Turbulent times for CRISPR mustard greens

Pairwise is focusing on making profound changes to our food crops

19. March 2024

19 March 2024 / According to a report published by ‘Food Navigator’ in February 2024, US company Pairwise will no longer directly market mustard greens obtained from new genetic engineering (NGT). The company has said it will continue to market the plants via business partners, although these have yet to be found. Pairwise brought the mustard greens to the US market in 2023 as one of the first NGT plants worldwide.

The NGT mustard (Brassica juncea), for which the company has already filed two patents (WO2021030738 and WO2024020360), has a profoundly changed metabolism: it does no longer produce pungent components that are typical for this species.

In nature, these pungent substances serve as a defence against plant pests, and are associated with positive health effects when consumed. Why consumers should expect particular benefits from CRISPR mustard greens is unclear, as well as the impact on ecosystems from the cultivation of these plants.

Conventionally-bred mustard greens may also have a reduced concentration of bitter substances. However, the extreme changes in the metabolism of the CRISPR plants, resulting in the extreme suppression in the production of bitter substances, could not be achieved with any other previously applied breeding methods.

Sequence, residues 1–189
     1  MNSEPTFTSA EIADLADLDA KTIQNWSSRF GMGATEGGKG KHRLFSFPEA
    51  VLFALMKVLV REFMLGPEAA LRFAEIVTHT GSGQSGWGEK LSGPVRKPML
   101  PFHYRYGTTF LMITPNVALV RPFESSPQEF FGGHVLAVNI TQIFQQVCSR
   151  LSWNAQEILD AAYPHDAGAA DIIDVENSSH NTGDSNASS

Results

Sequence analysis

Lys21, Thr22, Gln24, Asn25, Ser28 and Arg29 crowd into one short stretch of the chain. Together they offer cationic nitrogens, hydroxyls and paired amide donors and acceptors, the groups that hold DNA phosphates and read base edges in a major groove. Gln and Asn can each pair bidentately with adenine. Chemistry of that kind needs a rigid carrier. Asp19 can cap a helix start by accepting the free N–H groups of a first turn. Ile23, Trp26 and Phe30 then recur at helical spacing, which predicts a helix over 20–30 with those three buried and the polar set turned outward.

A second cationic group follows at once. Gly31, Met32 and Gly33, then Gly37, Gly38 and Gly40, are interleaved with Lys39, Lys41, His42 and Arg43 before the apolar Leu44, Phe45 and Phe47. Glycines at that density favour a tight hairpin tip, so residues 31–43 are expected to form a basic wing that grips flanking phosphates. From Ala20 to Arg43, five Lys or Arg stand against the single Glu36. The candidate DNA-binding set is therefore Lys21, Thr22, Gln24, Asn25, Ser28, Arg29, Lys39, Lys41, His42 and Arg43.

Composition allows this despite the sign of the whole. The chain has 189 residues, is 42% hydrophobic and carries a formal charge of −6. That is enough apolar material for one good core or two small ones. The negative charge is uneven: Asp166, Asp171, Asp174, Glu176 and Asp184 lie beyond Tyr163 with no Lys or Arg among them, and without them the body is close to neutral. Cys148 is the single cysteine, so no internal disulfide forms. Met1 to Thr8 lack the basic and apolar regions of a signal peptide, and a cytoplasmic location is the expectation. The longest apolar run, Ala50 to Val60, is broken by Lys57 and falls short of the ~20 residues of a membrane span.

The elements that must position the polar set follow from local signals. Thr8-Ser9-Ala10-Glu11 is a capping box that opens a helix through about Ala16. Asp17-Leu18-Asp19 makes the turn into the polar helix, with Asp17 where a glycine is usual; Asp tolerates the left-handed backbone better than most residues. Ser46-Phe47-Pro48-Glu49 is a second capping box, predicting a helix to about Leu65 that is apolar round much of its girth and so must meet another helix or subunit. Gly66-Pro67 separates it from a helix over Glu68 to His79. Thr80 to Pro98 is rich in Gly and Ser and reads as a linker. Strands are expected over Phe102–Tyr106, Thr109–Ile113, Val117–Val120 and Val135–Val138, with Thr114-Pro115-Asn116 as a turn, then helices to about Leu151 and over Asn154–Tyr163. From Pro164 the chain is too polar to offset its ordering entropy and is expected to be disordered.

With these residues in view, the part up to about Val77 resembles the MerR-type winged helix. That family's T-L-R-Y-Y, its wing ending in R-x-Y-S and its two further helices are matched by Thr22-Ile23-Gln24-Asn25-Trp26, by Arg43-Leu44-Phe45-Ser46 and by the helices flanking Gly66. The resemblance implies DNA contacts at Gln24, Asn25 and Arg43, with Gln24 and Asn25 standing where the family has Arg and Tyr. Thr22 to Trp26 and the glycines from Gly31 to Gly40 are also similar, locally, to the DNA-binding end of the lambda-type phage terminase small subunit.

Although the mustard plants can be clearly distinguished from previous varieties in terms of their intended and unintended properties, the new regulatory proposals of EU Parliament and Commission mean that they would have the same legal status as plants obtained from conventional breeding. They could therefore be cultivated without prior detailed examination of the risks. Amongst others, there would be a risk of the plants spreading uncontrollably in the environment. In addition, they are mainly pollinated by insects, and can thus spread beyond the fields.

The company, Pairwise, has, amongst others, cooperation agreements with the Bayer Group; it has also already registered over 250 patents worldwide. Its main focus is on achieving far-reaching changes to our food crops, including maize and soy, but also cherries, strawberries and blackberries. At the same time, the company is actively campaigning for the abolition of mandatory risk assessment.

However, it appears to be doubtful whether there is actually a market for NGT plants such as cherries without stones or mustard greens without bitter substances. Whatever the case, it is essential to examine risks to humans and the environment in detail and, where applicable, have measures in place to prevent uncontrolled spread.

Against this backdrop, Testbiotech is criticising the current proposals for the deregulation of NGT plants in the EU, as these plans cannot be scientifically justified.

Christoph Then, info@testbiotech.org, Tel + 49 151 54638040

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